The first temple we visited was the Temple of the Condor. This was truly spectacular. Two enormous pieces of natural rock, streaked with shades of black, gray and brown, were carved just enough to be set to resemble open bird wings. Each rose up diagonally above a smaller center section which perhaps was to represent the bird’s tail. On the ground in front of us were laid three pieces of rock, one carved to resemble the condor’s body with its head and beak, and the other two the ruff on its neck. Boris pointed out that the shape of rock forming the condor’s body also resembled the continent of South America.
“But how would they know this?” I asked. Could the Incas have been aware that their empire occupied only a small portion of a much larger landmass whose contours had not, as far as I knew, ever been completely delineated? Boris thought that they did – the Incas had trading partners all over the continent and probably had received word about other lands and cultures that they never could have had time to discover. Some of the peoples they had subjugated lived along the west coast of South America, while others knew about the east coast.
It’s an interesting theory and the Incas’ knowledge quite astonishing if true, but I remain skeptical. Even if they were aware of these other areas, how could they have figured out how to put it all together? I liked to think, as I looked at the stone, that they really did know the shape of this continent long before white people ever arrived, but it was probably a coincidence.
What really impressed me about the Temple of the Condor was that, looking up at the right wing, there were other structures built right on top of the slant of the wing. It looked like a small chamber of some kind, built with round edged rectangular stones, not the perfectly fitted and beveled stones of sacred sites, purposefully balanced upon the sloped rock.
Later, doing research on Machu Picchu (but I also could have missed or forgotten Boris’s explanation), I found out that this chamber above the condor was a prison or jail, where people may have been tortured or sacrificed. On the web site “Rediscover Machu Picchu” it says the following:
The Temple of the Condor, according to some specialists might actually be a torture chamber. Tourists are told by guides that it’s a “temple”.
Between the “wings of the condor”, there is a chamber with grooves, that’s the place where prisoners were tortured (or could have been tortured), there’s also a pit that was created to drain the blood of the victim.
To the Incas, the condor was a symbol of cruel justice.
It was a bit horrifying to read this, as I thought the Temple of the Condor was one of the most beautiful and spiritual places at Machu Picchu, but I do know that the Incas practiced ritual sacrifice. This, however, does not fit the idea given to us of ritual sacrifice in which it was considered an honor to be sacrificed. Prison and torture are hardly the same thing, and certainly not honorable. I didn’t know, for instance, that prisoners were even a part of Machu Picchu life. I suppose some “whitewashing” of the true nature of some Inca practices is to be expected when you’re given the tourists’ version of all of this, but it has only piqued my curiosity to find out more about what life under Inca rule was really like.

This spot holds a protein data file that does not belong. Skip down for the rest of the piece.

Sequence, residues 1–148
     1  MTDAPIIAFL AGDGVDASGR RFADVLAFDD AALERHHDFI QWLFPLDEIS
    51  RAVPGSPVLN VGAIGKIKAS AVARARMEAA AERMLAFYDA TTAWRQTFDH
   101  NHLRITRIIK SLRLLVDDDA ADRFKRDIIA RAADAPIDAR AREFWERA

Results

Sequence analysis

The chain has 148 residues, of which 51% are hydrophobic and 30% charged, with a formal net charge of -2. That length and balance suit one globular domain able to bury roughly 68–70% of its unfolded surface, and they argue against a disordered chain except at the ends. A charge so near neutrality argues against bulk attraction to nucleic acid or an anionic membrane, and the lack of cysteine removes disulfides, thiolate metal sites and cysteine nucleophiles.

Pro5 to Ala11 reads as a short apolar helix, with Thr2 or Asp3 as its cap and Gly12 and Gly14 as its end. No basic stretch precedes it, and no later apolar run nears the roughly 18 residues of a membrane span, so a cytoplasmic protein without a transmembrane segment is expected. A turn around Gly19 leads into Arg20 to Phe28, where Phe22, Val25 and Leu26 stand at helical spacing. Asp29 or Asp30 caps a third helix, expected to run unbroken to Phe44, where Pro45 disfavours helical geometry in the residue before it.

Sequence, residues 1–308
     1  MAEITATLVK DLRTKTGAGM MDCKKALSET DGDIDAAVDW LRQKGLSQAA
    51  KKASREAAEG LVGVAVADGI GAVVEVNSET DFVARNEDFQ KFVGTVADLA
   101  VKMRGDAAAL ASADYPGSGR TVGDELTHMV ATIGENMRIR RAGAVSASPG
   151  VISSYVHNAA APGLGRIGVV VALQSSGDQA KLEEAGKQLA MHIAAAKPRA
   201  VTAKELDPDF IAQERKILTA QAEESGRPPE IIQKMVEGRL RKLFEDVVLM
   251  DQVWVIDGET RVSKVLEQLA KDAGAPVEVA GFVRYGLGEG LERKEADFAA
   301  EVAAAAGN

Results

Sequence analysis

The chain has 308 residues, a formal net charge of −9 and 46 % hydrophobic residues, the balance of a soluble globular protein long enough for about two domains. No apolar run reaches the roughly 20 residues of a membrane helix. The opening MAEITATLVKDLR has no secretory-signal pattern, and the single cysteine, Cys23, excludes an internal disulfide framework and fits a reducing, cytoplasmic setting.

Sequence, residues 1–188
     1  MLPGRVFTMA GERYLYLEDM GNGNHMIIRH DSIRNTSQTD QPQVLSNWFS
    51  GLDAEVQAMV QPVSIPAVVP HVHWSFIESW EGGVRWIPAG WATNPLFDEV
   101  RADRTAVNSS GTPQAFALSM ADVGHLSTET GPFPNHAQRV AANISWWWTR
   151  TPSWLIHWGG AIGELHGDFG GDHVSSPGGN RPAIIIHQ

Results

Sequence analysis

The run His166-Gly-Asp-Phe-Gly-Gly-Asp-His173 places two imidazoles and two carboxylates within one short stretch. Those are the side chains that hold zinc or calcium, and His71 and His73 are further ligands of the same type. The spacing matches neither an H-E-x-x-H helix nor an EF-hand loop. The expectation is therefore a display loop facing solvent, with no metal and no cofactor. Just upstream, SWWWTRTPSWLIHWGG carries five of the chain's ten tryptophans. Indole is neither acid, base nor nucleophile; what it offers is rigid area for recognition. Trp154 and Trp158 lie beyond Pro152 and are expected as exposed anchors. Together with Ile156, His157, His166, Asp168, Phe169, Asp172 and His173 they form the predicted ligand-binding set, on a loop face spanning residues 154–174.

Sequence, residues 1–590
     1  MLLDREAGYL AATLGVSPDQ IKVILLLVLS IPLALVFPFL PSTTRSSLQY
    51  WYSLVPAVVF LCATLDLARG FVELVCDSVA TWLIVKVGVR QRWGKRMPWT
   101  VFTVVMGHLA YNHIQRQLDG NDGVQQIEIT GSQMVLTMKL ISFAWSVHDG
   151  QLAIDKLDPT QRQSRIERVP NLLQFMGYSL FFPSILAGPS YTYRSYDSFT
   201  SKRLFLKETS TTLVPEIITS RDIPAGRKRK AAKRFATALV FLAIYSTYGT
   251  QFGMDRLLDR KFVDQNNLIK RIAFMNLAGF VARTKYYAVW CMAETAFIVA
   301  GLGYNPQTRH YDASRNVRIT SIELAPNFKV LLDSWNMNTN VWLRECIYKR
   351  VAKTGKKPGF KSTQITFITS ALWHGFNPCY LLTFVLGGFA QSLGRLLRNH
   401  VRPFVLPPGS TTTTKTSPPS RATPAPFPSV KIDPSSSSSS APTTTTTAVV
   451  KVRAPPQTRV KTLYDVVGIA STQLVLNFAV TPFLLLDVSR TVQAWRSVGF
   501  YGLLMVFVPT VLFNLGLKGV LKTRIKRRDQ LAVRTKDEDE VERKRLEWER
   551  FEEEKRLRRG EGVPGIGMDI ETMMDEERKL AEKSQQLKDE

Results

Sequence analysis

However, I still cannot help but admire the artistry and beauty of the Incas’ architecture, and how they fused the natural with man made creation in all constructions, demonstrating their honor and awe for the natural formations of the earth and placing themselves respectfully within that natural world.
Our next stop was a structure within which there are two mortars with water in them, which had a dual purpose. Placed as they were on the ground, they were used as mirrors, but also this site is allegedly a sacred vortex, or a spot in which the forces of natural energy unite. By placing one’s hand above one of the mirrors, a sensitive person can feel the energy emanating from it, which enters and courses through the body. Of course we all tried it, and although I didn’t feel anything unusual, some members of our group claimed they did feel a surge of energy when they did this.
There was lots more to explore on the eastern side of the citadel, but to hit all the highlights, we followed a path between the small plaza and the main plaza over to the western side, to the zone where many of the temples are located. We passed the quarry, full of rocks with sharp points jutting out of the ground. Some were embedded there in their natural state, where others had obviously already been worked on and were left for later transport to their proper position in a wall, window or doorway. Having this quarry on site must have been a great convenience for the construction of a citadel with the grandeur and magnitude of Machu Picchu, but it seemed impossible that all of the stones used in the surrounding buildings could have come from here.